Jessica Williams PhDJessica Williams, Ph.D.Jessica Williams, PhD, an assistant professor in the UAB Department of Health Services Administration, received a $100,000 grant from the Robert Wood Johnson Foundation through the New Connections program. The grant will allow Williams to look at factors that influence perceptions of discrimination in health care settings, the management of hypertension in African-Americans, and how these perceptions influence medication adherence.

“The Robert Wood Johnson Foundation is deeply committed to improving health for all communities so I am honored to receive this grant and this incredible opportunity that will establish me as an independent investigator and move me toward my research vision of communities where health care outcomes are independent of race and class,” said Williams. “I believe that the only way we can begin to improve the quality of healthcare encounters is to understand patient perceptions and in many ways, I feel this is a missing piece to the disparities puzzle.”

Kara CaruthersKara Caruthers with her WOW! AwardKara Caruthers, MSPAS, PA-C, co-director of the UAB Biomedical and Health Sciences program, was honored by the Metro Birmingham Chapter of the National Association for the Advancement of Colored People with their Wonderful Outstanding Woman award. Caruthers received the award at the NAACP’s 15th annual Salute to Wonderful Outstanding Women ceremony.

Caruthers, who is also an assistant professor in the UAB Physician Assistant Studies program, says the award means more than you would imagine at first glance. As a 10th grader in Omaha, she won the Nebraska NAACP’s ACT-SO (Afro-Academic, Cultural, Technological and Scientific Olympics) competition and then went on to compete at the NAACP national ACT-SO.

“That was my first real introduction into the cool, scientific nerd world,” said Caruthers. “To be honored 20 years later by the NAACP, again in relation to my scientific work, proves to me that I am doing what I was meant to be doing with my life. It is an honor to come full circle with the NAACP.”

Written by Bob Shepard, UAB News

Jose FernandezJosé Fernández, Ph.D.José Fernández, Ph.D., professor and vice chair for Education in the Department of Nutrition Sciences at the University of Alabama at Birmingham School of Health Professions, has been named the inaugural winner of the Shiriki Kumanyida Diversity Leadership Award from the Obesity Society. The award recognizes an investigator whose research has made a significant difference in the field of obesity disparities.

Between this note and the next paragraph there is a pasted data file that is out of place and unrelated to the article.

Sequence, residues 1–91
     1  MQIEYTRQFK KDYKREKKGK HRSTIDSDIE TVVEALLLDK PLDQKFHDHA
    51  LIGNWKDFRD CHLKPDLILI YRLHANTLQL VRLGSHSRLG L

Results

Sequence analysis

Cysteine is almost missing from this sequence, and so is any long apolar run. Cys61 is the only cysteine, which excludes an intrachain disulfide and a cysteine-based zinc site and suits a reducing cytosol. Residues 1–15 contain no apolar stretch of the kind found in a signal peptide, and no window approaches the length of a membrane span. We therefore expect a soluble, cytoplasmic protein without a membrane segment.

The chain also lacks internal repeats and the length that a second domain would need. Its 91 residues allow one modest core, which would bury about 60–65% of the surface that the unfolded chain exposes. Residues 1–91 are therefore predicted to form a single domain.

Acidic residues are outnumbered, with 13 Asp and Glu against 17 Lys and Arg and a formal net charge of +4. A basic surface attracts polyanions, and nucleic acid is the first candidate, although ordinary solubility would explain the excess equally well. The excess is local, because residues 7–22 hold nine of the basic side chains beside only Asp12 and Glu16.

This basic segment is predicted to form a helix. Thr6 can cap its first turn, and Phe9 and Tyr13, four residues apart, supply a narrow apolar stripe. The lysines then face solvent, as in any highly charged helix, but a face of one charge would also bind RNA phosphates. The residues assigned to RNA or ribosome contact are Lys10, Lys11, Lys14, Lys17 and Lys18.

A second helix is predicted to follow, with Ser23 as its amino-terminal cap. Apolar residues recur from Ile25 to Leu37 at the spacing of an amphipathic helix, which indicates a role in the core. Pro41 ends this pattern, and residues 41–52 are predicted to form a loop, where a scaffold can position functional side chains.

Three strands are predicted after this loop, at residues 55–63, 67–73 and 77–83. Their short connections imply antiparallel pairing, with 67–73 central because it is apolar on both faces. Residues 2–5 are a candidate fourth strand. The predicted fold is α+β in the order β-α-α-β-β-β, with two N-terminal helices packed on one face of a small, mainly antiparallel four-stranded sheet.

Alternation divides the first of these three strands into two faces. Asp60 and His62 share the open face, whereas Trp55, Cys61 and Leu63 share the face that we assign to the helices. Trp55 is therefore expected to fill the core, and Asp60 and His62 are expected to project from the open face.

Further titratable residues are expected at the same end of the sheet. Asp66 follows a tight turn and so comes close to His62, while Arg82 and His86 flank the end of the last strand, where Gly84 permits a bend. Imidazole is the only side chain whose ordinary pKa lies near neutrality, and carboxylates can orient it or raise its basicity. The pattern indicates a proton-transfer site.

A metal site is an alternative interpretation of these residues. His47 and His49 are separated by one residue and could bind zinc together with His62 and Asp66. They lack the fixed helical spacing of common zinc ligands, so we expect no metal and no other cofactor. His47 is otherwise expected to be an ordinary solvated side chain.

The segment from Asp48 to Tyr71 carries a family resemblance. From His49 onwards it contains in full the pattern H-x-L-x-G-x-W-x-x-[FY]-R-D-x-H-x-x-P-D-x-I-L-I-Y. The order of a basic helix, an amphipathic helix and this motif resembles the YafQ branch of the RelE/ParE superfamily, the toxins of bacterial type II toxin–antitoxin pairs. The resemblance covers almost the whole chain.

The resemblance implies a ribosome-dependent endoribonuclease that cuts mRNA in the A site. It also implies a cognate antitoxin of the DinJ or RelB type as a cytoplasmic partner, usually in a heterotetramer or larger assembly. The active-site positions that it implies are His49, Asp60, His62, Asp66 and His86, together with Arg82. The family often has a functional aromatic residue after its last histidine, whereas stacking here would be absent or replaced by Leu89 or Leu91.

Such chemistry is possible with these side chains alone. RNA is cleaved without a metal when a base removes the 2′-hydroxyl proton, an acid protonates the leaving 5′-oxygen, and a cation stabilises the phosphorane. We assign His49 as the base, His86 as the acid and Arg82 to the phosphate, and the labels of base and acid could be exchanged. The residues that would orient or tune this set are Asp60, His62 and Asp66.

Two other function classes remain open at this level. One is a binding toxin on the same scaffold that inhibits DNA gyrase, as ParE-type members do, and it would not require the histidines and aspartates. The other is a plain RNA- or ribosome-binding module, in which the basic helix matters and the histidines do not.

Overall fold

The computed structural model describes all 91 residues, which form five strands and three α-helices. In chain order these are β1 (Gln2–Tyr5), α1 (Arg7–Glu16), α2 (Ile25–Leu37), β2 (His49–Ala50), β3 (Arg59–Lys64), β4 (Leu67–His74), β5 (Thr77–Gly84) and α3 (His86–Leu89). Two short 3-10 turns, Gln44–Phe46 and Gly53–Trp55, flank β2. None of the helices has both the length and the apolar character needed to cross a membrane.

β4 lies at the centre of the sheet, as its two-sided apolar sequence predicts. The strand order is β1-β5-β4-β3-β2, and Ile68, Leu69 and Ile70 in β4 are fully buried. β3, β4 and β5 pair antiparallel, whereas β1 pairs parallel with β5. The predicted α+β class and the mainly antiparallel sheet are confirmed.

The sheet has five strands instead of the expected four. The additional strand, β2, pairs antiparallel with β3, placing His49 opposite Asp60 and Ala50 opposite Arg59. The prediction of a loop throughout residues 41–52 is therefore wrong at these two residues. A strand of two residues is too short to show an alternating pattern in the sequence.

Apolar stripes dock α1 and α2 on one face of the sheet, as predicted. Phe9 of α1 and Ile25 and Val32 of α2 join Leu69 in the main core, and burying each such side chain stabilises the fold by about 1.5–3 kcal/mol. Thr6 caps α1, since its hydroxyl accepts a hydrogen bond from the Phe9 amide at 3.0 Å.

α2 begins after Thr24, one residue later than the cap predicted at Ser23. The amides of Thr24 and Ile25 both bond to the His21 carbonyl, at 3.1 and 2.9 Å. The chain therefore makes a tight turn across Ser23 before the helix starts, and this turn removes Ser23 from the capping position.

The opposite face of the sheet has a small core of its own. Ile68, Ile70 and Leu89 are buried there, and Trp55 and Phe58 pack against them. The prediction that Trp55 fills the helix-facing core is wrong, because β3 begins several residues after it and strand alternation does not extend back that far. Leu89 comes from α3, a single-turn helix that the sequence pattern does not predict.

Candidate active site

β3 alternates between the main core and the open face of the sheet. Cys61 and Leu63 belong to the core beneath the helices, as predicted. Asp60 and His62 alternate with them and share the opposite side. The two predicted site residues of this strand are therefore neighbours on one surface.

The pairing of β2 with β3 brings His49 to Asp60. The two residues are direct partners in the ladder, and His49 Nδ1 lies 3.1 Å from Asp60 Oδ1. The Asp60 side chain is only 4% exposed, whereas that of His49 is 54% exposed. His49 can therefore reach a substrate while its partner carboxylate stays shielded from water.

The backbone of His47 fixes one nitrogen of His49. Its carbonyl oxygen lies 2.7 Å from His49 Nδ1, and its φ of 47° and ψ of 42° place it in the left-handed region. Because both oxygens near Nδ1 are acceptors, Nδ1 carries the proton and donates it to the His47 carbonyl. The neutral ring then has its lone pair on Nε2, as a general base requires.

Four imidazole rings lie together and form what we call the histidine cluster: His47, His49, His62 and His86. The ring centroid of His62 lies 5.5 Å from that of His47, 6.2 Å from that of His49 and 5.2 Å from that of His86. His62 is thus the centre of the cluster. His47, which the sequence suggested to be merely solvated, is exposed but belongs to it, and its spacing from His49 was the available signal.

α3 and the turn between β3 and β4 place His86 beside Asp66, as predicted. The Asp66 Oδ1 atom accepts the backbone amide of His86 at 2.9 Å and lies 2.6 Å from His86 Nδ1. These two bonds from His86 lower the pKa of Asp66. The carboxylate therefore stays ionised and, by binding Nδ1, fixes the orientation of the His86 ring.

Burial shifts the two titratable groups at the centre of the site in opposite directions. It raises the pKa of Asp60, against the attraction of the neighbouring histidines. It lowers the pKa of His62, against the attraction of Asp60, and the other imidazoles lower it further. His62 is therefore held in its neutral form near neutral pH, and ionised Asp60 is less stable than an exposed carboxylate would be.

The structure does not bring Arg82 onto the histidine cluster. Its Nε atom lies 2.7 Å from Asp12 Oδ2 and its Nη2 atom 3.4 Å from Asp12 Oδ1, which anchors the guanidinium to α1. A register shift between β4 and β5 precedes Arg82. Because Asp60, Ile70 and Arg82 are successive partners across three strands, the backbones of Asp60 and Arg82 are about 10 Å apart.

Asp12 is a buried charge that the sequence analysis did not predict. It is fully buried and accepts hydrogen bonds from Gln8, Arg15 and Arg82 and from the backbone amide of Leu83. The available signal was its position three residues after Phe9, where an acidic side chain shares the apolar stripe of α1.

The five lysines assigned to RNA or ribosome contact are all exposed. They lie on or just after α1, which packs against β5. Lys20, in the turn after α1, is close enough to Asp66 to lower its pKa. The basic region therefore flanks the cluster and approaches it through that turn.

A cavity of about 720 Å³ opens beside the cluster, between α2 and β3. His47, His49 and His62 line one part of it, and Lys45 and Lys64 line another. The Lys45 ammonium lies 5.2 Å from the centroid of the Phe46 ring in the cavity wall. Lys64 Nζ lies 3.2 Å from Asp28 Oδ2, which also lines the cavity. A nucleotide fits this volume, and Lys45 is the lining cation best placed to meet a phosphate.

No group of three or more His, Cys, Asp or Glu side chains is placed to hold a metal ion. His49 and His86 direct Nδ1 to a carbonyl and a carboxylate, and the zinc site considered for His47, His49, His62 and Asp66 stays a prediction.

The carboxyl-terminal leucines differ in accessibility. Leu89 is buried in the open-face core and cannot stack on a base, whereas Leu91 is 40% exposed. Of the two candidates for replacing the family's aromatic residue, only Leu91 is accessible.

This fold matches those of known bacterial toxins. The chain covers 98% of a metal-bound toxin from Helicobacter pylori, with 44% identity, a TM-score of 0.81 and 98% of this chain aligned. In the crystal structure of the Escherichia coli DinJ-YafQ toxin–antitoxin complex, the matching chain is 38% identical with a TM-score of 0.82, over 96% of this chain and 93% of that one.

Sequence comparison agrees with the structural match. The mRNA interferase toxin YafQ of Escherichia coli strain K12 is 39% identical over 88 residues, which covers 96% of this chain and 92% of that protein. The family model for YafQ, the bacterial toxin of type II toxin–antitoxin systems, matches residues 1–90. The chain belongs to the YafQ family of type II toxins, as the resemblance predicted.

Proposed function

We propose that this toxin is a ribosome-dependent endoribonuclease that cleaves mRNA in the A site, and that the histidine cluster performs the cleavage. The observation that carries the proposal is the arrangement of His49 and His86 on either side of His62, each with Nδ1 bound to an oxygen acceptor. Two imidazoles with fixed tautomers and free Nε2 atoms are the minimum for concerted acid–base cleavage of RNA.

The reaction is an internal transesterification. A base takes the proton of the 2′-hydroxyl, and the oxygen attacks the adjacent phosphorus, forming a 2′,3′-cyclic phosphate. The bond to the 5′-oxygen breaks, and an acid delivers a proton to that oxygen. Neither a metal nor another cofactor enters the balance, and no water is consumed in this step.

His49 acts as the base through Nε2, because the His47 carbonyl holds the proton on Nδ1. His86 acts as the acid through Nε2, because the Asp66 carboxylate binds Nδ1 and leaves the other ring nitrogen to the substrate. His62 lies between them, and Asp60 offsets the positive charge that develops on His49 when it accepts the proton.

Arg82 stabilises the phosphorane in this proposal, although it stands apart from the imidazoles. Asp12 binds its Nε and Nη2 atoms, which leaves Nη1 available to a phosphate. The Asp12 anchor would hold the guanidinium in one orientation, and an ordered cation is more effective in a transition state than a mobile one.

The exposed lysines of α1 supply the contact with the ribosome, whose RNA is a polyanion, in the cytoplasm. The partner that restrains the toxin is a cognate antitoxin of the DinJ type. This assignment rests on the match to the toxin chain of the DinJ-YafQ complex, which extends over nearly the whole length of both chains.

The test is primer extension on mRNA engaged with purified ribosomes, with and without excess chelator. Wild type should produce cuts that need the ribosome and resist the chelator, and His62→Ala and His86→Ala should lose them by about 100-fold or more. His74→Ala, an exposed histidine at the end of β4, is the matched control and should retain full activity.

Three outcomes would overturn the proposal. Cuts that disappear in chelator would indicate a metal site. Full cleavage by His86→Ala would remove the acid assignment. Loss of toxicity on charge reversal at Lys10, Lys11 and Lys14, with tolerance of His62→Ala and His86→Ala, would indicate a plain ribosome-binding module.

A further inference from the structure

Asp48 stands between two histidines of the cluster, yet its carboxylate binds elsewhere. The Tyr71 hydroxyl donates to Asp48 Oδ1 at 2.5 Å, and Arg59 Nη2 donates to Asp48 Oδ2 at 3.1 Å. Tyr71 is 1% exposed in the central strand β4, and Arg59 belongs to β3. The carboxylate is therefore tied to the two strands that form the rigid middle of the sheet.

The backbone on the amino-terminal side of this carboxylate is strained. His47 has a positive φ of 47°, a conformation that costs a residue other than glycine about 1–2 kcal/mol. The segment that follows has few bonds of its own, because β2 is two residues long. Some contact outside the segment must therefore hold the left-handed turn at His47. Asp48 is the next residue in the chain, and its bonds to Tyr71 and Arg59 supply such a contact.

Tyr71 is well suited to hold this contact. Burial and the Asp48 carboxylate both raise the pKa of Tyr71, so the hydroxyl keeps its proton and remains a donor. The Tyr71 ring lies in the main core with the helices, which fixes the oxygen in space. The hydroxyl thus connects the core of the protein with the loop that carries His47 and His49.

The prevalence of obesity has significantly increased among the population of the United States over the past 30 years, with nearly one-third of adults now considered obese. Obesity is a known risk factor for many diseases, including diabetes, heart disease, stroke and cancer. Significant racial/ethnic disparities continue to exist in the occurrence of obesity.

Ceren Yarar FisherCeren Yarar-Fisher, Ph.D.Ceren Yarar-Fisher, Ph.D., instructor in the Department of Nutrition Sciences, Hui-Ju Young, Ph.D., postdoctoral fellow with the UAB / Lakeshore Research Collaboration and Sarah Katherine Sweatt, a Ph.D. student in Nutrition Sciences, were each honored with “Creativity is a Decision Awards.”

The competition, hosted annually by the UAB Nutrition Obesity Research Center, rewards researchers for “the most creative ideas for grant proposals in obesity-related research.”

JanelleChiasera lowresChiasera named to ASCLS BoardJanelle Chiasera, Ph.D., chair of the UAB Department of Clinical and Diagnostic Sciences, has been named American Society for Clinical Laboratory Science Region III director. The appointment is a Board of Director position for ASCLS whose mission is “to make a positive impact in health care through leadership.”

“It is not only exciting to have been elected to this board, but it is an incredible honor to have been nominated for this position by my peers,” said Chiasera. “Knowing that my professional peers trust me to represent their views to the national board is an honor and a responsibility I am excited to fulfill.”